The gunfire that erupted in broad daylight outside Hennepin County Medical Center in Minneapolis was the third shooting incident in hospitals this week and the latest in a wave of increasing violence nationwide. Although the shooting shattered windows and glass doors, the emergency room was back to normal operation in less than half an hour.
It was also the third gun-related incident outside the hospital doors since April, according to the Star Tribune. And while shootings are rare, Leigh Venocur, M.D., an emergency room physician and spokeswoman for the American College of Emergency Physicians, told the newspaper that violent acts in and near the emergency rooms are on the rise.
"It's definitely gone up in the more than 20 years I've been practicing," Vinocur said. "Certainly inner city ERs are beefing up their security. Some are even having metal detectors and things because it's a problem. But it makes sense, too: The ERs are a microcosm of society so all of these things boil over into the emergency department."
Hennepin County Memorial, like other hospitals across the country, now put security measures in place to protect staff and patients. The hospital has security cameras, panic alarms, controlled access to the ED and 24-hour security guards armed with tasers, the Star Tribune reports. And soon it will begin training staff so they have the skills necessary to de-escalate tense situations.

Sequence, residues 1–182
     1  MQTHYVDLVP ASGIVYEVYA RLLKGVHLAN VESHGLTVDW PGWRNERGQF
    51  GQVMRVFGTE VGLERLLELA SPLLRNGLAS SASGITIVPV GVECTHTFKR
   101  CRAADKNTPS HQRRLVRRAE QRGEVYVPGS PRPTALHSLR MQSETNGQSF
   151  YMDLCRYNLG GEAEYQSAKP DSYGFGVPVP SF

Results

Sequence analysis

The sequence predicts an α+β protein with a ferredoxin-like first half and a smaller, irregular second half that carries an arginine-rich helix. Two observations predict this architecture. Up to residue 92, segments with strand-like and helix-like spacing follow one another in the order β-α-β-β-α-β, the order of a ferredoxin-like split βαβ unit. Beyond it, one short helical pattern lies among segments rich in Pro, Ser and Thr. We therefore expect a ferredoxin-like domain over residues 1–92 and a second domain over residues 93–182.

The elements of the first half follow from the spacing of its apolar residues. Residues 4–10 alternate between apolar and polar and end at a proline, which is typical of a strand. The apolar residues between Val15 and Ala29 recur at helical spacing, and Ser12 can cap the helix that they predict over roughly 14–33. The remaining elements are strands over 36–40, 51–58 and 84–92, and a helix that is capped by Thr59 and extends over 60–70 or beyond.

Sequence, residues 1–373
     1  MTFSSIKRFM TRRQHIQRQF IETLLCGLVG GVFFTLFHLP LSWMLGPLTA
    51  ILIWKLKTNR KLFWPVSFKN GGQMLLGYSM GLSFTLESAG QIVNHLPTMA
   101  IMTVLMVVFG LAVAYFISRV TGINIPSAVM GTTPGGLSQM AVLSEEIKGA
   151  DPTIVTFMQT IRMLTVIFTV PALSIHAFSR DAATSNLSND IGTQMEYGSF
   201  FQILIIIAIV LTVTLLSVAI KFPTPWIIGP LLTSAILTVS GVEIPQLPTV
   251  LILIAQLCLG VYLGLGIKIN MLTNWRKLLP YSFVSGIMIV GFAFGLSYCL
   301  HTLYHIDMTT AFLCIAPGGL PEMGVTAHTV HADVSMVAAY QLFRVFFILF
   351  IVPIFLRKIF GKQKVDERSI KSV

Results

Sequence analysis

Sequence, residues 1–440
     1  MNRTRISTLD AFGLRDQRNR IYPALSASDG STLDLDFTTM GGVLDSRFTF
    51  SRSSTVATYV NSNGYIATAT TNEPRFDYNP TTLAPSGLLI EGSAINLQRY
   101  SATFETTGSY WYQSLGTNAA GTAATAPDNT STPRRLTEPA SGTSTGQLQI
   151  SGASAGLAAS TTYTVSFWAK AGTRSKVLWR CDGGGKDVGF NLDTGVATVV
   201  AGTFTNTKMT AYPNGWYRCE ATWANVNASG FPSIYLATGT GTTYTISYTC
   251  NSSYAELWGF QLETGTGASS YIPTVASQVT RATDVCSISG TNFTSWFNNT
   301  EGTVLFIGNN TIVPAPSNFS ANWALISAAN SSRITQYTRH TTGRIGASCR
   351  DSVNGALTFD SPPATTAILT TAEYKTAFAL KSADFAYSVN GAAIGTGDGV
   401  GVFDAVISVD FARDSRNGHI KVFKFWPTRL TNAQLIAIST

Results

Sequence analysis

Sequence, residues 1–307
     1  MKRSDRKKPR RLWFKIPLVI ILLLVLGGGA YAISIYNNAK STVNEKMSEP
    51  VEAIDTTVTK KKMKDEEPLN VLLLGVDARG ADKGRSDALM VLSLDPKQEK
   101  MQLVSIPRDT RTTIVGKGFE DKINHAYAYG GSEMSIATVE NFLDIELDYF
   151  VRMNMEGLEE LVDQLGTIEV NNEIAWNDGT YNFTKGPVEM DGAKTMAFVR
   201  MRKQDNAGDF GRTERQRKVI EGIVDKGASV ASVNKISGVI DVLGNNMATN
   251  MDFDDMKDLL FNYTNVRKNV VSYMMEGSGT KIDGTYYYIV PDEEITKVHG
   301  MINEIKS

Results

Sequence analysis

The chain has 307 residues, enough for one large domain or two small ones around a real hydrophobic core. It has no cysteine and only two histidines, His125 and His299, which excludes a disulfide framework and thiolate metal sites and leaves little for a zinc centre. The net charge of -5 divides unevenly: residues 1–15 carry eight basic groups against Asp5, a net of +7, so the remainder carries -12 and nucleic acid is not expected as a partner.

But one ER doctor is fed up with violence in and near the ER and told KARE 11 that enough is enough. "To me it's a very sacred place and to shoot into that, I'm angry, that someone would even consider such a thing," said Matthew Klein, M.D, who works the overnight shift at Hennepin County Memorial. "I want it to stop."
All hospitals now focus on security and preventing violence to keep patients and staff safe, according to Kerry McKean Kelley, vice president of communications for the New Jersey Hospital Association, who spoke to New Jersey 101.5 after last week's shooting death of a patient at Kennedy University Hospital in South Jersey.
Kelley said that the security measures are part of hospital's everyday planning. The biggest challenge, she said, is balancing the need for security and keeping the hospital setting a welcoming environment for patients and visitors.
"Security is paramount, but we also need to have that open access, that's part of a role of a community hospital," she said.
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